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  • Writer's pictureCrystin Rice

Crafting our adversity into a story to tell

Updated: Sep 2, 2023

I spent last weekend doing some yard work in 100-degree heat. (Perhaps my sense of timing is not the best.) When I finally came inside, drenched and muddy, I cleaned up and then finally sat down to rest. Sinking down into my chair, sighing as the tension in every muscle finally eased up and cool air blew over my face, the phrase dulcius ex asperis echoed in my head.

This Latin phrase is often translated as

“sweeter after difficulties."

I've sat in that chair many times but never quite appreciated it the way I did in that moment.

It was so much sweeter to relax and put my feet up after having strained with heavy loads and uncomfortable temperatures for hours and feel all of that fall away. I knew my yard looked better and my muscles were stronger after that work, and that added to the beauty of sinking down into that chair at the end of a long day.

While studying Latin many years ago in college, I gained a great appreciation for the profound depth of meaning that the way Latin grammar is crafted can add to the vocabulary, really making the words come alive with richness and vivid imagery. My Latin is a bit rough, but here's my understanding of the richness behind this phrase:

Dulcius is an adjective that means "sweet, kind, pleasant, or soft," and asperis is an adjective that means "rough, harsh, adverse, or difficult." Although there is no noun in the phrase for these two antonyms (opposites) to modify, it is understood as "things." The preposition ex means to "come out of" or "come from" something, and the dative case of asperis further strengthens that there is cause/effect link between the two.

Thus, the meaning I get from this phrase is that the satisfying moments in life come out of, and are directly related to having experienced, the harsh ones.

Dulcius ex asperis crafts our adversity into a story to tell.

The first time this really struck home for me was during a training session for sandtray therapy. They asked us to use objects to tell our story, so I placed a string of objects into the tray. Then they had us look at it, and asked if there was anything we wanted to change. Immediately, I felt my hand want to reach out and remove the hard, uncomfortable parts of my story. I even noticed that I hated that they were in there. But my hand stopped, and I realized that I couldn't take them out. The storyline wouldn't make any sense if I did.

As much as I wanted those parts gone, I knew they couldn't be. Then my hatred for those parts turned into appreciation. I couldn't have a good story if I didn't have all of the chapters.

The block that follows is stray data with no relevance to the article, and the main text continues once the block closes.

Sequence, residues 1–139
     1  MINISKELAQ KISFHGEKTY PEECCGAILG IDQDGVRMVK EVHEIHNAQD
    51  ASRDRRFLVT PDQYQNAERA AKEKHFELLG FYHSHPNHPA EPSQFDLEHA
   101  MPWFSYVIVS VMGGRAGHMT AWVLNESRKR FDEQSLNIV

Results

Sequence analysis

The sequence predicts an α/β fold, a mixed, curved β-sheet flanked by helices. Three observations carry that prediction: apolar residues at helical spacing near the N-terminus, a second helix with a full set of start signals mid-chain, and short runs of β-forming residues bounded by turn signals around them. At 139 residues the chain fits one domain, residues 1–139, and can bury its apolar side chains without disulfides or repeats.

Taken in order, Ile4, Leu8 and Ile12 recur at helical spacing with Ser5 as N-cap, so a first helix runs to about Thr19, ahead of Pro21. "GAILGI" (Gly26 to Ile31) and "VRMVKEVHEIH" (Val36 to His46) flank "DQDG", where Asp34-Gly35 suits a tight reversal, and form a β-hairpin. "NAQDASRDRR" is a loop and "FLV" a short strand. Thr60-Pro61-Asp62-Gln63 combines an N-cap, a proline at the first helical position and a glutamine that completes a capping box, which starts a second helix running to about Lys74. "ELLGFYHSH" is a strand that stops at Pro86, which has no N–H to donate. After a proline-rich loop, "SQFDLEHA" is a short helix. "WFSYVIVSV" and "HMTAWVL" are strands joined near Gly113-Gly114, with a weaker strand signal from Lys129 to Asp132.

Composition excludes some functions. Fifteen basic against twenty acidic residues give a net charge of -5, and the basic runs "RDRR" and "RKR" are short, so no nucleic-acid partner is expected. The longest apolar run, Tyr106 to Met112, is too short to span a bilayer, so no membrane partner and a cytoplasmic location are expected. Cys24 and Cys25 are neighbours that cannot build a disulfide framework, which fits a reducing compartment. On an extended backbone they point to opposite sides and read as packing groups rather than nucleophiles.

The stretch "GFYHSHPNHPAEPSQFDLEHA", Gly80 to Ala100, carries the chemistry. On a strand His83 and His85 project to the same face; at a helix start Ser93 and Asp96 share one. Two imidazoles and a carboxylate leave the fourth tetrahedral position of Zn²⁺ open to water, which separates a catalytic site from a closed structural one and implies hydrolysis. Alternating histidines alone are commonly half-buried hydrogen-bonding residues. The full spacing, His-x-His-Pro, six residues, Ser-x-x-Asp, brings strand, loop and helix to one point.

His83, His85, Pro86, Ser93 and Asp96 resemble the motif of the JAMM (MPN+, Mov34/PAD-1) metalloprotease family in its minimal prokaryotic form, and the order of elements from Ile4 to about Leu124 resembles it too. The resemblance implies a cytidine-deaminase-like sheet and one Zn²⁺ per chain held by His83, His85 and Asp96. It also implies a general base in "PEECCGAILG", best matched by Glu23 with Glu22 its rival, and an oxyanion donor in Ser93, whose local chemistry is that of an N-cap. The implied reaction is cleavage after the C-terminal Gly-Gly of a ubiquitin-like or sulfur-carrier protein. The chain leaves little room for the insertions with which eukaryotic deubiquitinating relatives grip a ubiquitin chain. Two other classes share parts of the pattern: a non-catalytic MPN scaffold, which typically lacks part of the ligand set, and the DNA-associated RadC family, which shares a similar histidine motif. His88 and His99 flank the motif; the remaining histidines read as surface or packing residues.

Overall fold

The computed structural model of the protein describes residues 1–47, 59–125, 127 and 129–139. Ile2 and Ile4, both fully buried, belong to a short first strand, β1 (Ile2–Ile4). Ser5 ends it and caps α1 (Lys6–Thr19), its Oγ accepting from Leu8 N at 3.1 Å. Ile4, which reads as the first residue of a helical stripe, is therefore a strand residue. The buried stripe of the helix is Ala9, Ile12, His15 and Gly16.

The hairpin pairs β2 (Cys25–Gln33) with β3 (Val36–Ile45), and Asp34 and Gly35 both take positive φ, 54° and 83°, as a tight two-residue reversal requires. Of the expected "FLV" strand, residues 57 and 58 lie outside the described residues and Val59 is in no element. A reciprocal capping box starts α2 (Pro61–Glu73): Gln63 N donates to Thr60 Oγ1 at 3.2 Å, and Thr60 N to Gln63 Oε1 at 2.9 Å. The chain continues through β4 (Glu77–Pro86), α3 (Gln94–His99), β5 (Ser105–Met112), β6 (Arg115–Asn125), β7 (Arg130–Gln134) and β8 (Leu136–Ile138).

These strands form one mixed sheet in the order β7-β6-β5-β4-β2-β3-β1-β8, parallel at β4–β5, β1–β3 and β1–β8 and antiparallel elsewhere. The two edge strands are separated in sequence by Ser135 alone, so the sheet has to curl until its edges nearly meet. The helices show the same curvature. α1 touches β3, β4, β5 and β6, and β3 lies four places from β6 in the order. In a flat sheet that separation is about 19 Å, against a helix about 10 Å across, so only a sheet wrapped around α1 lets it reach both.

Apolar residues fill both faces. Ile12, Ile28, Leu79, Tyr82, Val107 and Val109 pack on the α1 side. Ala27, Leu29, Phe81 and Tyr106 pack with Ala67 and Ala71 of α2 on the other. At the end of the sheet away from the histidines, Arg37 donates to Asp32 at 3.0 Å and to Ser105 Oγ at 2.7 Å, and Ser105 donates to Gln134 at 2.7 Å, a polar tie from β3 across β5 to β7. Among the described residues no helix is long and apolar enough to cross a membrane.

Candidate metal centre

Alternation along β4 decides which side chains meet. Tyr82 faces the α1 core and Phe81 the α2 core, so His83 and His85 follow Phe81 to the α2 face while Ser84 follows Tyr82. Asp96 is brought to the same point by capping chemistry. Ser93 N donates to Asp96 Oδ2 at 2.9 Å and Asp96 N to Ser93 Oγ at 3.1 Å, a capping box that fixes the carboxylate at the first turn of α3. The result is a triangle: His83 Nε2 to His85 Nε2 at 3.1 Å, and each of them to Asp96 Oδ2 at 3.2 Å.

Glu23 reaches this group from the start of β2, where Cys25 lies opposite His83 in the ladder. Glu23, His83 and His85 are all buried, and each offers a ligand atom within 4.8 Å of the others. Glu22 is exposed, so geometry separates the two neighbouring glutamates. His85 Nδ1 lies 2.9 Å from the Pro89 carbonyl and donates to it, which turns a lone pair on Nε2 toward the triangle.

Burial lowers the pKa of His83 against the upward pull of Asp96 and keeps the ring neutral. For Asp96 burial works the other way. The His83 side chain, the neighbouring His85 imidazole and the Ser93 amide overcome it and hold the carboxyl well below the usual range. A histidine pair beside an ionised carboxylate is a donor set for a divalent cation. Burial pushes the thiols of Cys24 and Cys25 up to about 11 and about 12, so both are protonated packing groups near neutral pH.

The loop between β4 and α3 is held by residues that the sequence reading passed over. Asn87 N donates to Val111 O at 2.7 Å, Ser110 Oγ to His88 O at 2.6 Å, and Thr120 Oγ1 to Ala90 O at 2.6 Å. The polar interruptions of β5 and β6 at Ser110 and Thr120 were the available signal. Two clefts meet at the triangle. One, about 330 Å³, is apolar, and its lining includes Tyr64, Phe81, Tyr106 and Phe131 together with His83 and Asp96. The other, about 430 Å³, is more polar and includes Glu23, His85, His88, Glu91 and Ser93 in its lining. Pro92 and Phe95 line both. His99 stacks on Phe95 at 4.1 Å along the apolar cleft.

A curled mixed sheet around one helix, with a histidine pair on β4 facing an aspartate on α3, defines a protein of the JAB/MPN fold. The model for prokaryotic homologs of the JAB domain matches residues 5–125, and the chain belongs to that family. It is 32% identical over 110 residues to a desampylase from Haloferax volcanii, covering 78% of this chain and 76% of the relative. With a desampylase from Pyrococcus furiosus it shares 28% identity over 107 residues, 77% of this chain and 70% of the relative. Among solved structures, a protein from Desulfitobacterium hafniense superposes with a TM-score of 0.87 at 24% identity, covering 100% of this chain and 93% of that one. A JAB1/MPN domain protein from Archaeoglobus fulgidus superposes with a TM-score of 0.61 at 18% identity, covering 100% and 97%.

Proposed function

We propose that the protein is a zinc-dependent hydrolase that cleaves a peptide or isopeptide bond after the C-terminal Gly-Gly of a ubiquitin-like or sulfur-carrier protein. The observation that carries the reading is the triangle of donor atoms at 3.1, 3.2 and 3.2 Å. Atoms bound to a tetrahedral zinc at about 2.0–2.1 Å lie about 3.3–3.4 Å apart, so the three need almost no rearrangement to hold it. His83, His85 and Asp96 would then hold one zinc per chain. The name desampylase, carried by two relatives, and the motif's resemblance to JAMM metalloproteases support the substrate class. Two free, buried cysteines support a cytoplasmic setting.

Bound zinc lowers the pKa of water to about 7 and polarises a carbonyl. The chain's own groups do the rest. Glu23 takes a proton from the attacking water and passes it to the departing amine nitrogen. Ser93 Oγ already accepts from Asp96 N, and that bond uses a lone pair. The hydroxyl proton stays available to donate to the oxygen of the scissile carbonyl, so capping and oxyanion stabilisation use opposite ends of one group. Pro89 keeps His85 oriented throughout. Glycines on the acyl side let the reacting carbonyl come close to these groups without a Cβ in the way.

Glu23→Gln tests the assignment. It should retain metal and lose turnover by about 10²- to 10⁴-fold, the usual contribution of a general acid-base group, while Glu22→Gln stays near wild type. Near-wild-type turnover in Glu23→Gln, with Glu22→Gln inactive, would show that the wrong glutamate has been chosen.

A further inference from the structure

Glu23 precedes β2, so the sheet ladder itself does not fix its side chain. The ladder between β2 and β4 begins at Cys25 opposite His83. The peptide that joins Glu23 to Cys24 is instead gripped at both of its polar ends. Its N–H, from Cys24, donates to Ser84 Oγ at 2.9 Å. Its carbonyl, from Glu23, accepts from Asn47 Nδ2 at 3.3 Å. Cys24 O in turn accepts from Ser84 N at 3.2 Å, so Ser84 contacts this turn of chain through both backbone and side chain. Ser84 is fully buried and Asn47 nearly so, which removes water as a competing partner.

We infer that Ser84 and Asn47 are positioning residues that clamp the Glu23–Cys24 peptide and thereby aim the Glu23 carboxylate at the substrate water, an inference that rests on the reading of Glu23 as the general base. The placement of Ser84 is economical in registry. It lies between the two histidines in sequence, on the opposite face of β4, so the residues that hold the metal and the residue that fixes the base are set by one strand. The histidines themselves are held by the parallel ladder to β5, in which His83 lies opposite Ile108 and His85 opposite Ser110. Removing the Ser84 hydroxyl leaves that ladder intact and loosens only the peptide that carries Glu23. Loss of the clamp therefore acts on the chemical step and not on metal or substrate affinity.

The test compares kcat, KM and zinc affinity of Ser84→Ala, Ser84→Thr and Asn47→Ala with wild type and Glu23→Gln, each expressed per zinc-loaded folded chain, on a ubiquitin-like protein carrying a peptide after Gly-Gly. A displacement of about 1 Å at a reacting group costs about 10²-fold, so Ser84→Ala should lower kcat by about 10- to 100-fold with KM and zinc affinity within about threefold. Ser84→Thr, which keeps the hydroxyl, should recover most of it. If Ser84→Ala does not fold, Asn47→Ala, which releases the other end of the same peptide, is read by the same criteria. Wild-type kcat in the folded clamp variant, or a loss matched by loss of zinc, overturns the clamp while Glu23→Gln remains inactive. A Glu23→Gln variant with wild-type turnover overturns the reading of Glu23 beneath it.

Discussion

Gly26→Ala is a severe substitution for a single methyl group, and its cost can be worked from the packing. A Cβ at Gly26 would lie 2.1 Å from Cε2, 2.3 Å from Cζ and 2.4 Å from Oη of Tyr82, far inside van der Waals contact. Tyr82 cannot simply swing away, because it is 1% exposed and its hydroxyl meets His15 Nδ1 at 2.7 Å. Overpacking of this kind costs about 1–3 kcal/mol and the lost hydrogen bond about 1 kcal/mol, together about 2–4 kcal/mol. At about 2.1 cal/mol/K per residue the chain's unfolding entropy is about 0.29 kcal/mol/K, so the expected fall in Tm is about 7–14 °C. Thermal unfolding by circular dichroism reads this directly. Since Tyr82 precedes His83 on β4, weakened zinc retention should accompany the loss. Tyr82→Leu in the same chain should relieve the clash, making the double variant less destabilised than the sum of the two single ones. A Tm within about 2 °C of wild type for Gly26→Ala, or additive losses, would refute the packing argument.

How interesting would it be to watch a movie or read a book that covered only the pleasant events of the character's life? You wouldn't really know the character. You wouldn't identify with them or even have any compassion for their journey because there was no struggle to overcome. Your view of the characters would be one-dimensional and boring.

What are the chapters of your story?

What did you gain for having come through your difficulties? Was it the realization that you did something harder than you ever thought possible? Was it the push you needed to stretch yourself and grow, perhaps gaining new skills?

Or maybe you still have chapters yet to write. Perhaps the sweetness still lies ahead. In that case, it might be helpful to work with a therapist to guide you toward writing that part of your story and taking full advantage of what you gained for having experienced the harsh times.

I think the common translation "sweetness" misses the mark in the phrase. Seeing those parts that come after the difficulty doesn't take away from how hard the middle parts were. It doesn't make the middle any less painful. It doesn't make it "okay" that you were hurt. I don't know that "sweetness" really captures what it feels like to come through hardship and to know that, even in pain and loss, you have gained something you didn't have before - such as the confidence in yourself that you can come through hard things.

Both the pain and the confidence parts are equally real, equally there, and equally a part of your story. If you took either one of them away, you wouldn't have the rich meaning that the parts have when they are put together

Considering this, if you had to give your story a title, what would it be?

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